Academic journal article Social Justice

Historical Perspectives on Mexican Transnationalism: With Notes from Angumacutiro

Academic journal article Social Justice

Historical Perspectives on Mexican Transnationalism: With Notes from Angumacutiro

Article excerpt

"No analysis of human action is complete unless it attends to people's own notions of what they are doing." -- Renato Rosaldo

MY WORK IS BASED ON QUESTIONS ABOUT THE ACTIONS AND INTERACTIONS OF human beings and their relation with the world around them, or in more theoretical parlance, the relation of human agency to structure. That is, to what degree are people shaped by the economic, social, and political conditions they inherit, and to what degree are they able, within these conditions, to shape their own lives? I wish to use these questions as a prism for viewing recent discussions about "transnational" migration, migrants, and communities in the 1990s.

The discussions of transnational capitalism and economic relations severed from exclusive connections to one nation-state have pointed to the accelerated international migration left in its wake. Nina Glick Schiller (1992, 1994), Roger Rouse (1989, 1991), Rob Smith (1994), and others have insisted on the need to look at and understand the human dimension, and have adopted the terminology of the economic phenomenon to discuss "transnational" migration, communities, identities, and "transmigrants." Recognizing the close connection migrants keep to home communities, they argue that these "transnational" communities, while geographically separate, are "imagined" as one. Twentieth-century technologies -- phone, fax, electronic mail, video cameras, and planes -- have accelerated communication. Town leaders can hold group discussions via phone, the Internet, and video, or hop a plane for an important meeting. This enables them, as Nina Glick Schiller (1992) has pointed out "through their daily life activities and social, economic, and political relations [to] create social fields that cross national boundaries...and bring two societies into a single fold." [1] Thus, to Haitians in New York, "Haiti" exists also outside the island. To the people of Ticuani, Mexico, the migrants from their town now living in New York are the "always present absent ones" (Smith, 1994).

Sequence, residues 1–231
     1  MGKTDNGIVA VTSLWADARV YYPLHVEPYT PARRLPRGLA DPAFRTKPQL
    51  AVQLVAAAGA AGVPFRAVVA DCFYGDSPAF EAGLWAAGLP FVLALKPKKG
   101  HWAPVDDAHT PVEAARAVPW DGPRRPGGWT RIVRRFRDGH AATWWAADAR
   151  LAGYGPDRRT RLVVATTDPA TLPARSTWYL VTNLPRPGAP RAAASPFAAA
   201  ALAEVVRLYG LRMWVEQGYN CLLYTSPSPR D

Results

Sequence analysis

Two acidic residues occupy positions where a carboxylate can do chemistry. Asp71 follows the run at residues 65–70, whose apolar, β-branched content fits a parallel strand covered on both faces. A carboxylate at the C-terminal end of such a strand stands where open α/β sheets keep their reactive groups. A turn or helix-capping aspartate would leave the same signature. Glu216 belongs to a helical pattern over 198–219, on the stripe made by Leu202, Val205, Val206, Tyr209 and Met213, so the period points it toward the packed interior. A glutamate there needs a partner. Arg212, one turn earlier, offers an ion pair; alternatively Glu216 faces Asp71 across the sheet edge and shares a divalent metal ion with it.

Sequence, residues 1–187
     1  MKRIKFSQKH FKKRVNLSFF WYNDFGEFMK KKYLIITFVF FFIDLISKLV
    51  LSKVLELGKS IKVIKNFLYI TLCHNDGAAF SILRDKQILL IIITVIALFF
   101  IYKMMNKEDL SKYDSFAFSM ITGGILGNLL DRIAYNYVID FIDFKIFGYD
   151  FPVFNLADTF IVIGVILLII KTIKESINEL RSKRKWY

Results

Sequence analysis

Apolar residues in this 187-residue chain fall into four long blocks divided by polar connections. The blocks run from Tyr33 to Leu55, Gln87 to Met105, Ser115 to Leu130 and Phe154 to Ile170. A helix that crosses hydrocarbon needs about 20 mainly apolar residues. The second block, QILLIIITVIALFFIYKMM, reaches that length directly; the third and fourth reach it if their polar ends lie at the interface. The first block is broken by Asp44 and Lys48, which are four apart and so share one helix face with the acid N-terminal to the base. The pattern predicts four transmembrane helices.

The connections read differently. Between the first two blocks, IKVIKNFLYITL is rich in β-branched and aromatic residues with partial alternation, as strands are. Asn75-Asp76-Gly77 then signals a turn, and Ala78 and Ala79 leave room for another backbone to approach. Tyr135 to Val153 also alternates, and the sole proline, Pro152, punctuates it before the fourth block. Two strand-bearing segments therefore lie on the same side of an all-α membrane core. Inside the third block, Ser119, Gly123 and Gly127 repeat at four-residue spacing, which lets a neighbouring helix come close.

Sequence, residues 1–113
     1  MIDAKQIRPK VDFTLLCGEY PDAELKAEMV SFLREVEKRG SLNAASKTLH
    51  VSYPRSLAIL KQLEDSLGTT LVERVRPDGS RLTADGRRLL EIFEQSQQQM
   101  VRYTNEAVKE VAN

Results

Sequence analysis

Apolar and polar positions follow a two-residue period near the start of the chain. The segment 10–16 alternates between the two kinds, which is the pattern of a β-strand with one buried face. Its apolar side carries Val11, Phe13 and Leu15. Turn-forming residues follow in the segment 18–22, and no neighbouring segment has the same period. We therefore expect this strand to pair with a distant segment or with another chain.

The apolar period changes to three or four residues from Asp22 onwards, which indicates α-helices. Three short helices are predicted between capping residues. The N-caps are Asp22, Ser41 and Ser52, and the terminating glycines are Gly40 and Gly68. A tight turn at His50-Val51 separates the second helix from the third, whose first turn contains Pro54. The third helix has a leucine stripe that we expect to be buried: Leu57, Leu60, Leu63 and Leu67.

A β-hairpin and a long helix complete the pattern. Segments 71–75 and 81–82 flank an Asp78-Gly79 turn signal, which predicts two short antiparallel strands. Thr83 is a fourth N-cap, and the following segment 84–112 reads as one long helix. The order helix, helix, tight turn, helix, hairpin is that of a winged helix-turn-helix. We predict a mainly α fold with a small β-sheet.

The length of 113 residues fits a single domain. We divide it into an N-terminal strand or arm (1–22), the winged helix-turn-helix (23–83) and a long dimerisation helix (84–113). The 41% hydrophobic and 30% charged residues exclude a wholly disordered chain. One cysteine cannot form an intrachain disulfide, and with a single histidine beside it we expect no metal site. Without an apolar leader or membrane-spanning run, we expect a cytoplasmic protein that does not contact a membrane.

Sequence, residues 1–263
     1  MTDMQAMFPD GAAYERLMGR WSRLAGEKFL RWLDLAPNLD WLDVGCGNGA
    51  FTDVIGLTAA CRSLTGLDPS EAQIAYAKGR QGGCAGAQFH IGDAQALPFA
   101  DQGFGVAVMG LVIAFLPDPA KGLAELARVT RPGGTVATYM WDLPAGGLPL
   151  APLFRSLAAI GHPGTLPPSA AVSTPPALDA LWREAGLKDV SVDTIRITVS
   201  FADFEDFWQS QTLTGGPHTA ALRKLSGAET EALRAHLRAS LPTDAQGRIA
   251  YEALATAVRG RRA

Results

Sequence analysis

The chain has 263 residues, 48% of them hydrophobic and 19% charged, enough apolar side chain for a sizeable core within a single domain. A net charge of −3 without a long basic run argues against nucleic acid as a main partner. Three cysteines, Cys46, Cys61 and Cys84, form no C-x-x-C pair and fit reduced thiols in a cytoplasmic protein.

For a historian, these developments raise crucial questions about the past and, by implication, about the particular production of history about migration and immigration in the United States. Yet transnationalism in the 1990s should be placed in broader historical perspective, for current migrations are more recent manifestations of a very old process than a fundamentally new phenomenon. [2]

Whither History?

Only recently have some European and U.S. historians begun to ask questions raised by notions of "transnational" migrants, partly in response to the shift in conceptual paradigms brought on by anti-colonialist and neocolonialist struggles (Morawska, 1990). Yet Western conceptual frameworks have encouraged many to ignore the many "transnational" aspects of migration. Our Western constructions of knowledge operate and have operated through expropriation and incorporation of a non-Western and foreign "other." As Robert Young (1990:1-20) points out, U.S. and European concepts assume a past driven by a dialectic based on the relation between the subject, Europeans, and the "other" (the colonized, women, people of color, the working class, etc.). Even Marx, certainly a critic of 19th-century imperialism, was "complicit with and.. .extends" the notion of this Western-centered alterity. You may be correctly mumbling that other peoples also considered themselves in relation to an "other." Yet the difference lies with power and in the fact that Europe and the United States have been able to impose their perception of this alterity on the world through imperialism, colonialism, and neocolonialism. The historical context of imperialism and colonialism contributed to historical constructions that ignored the human agency of the "other," which, as Michel Trouillot (1995) points out, becomes "unthinkable" history. [3]

Postmodernism and postcolonialism challenge aspects of Western-centered modes of knowledge. …

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